The earliest documented use of some form of cocaine was around 500 A.D. In South America coca leaves have been chewed for centuries to combat fatigue and hunger (Mind-Altering Drugs: Cocaine, 2000, 2). “Cocaine is derived from small leaves of the coca shrub (Erythroxylon coca), grown in the high-altitude rain forests and fields that run along the slopes of the Peruvian and Bolivian Andes in South America” (Levinthal, 2002, 78). Import of it to Europe began around the 1700’s (Mind-Altering Drugs: Cocaine, 2000, 2). In Europe it was used for toothaches, digestive problems, and even timidity.
By the 1850’s the chemical of the coca plant was isolated, and Alfred Niemann named it cocaine after noticing it had an anesthetic effect on his tongue (Levinthal, 2002, 78). Sigmund Freud promoted it for the treatment of mental problems and depression. Soon after, some negative effects were discovered and this caused a decrease in use. The effects included addiction, poisoning, and mental problems. In the early 1900’s its use became prevalent in drinks, tonic, and cure alls. It was an ingredient in the first coca-Cola beverage. Its use increased after being outlawed in 1914 in the U.S. (Mind-Altering Drugs: Cocaine, 2000, 2-3). “Today, cocaine is a Schedule 2 Drug, meaning that it has high potential for abuse, but can be administered by a doctor for legitimate medical uses, such as local anesthesia for some eye, ear, and throat surgeries” (What is Cocaine, 1).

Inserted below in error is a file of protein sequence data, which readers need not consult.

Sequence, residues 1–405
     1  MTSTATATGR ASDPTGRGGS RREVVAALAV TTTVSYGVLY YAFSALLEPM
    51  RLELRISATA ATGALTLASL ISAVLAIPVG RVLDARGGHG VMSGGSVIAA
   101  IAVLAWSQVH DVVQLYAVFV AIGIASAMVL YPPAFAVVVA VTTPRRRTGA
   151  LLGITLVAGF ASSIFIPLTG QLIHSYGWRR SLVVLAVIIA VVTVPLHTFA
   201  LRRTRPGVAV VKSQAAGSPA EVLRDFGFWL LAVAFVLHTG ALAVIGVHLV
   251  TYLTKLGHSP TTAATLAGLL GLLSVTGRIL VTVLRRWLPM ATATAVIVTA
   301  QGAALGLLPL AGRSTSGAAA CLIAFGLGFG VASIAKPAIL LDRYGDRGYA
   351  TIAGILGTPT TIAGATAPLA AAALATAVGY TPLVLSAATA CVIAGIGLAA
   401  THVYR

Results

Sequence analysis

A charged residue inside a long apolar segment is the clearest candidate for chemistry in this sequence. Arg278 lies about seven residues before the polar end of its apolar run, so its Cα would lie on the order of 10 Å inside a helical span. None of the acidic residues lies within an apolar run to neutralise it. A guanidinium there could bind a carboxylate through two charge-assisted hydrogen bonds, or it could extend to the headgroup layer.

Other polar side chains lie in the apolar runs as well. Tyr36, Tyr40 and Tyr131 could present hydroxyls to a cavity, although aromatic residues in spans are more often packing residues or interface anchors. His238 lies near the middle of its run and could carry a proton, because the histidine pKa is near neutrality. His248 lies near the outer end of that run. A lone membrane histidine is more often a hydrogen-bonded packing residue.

Why So Much Abuse?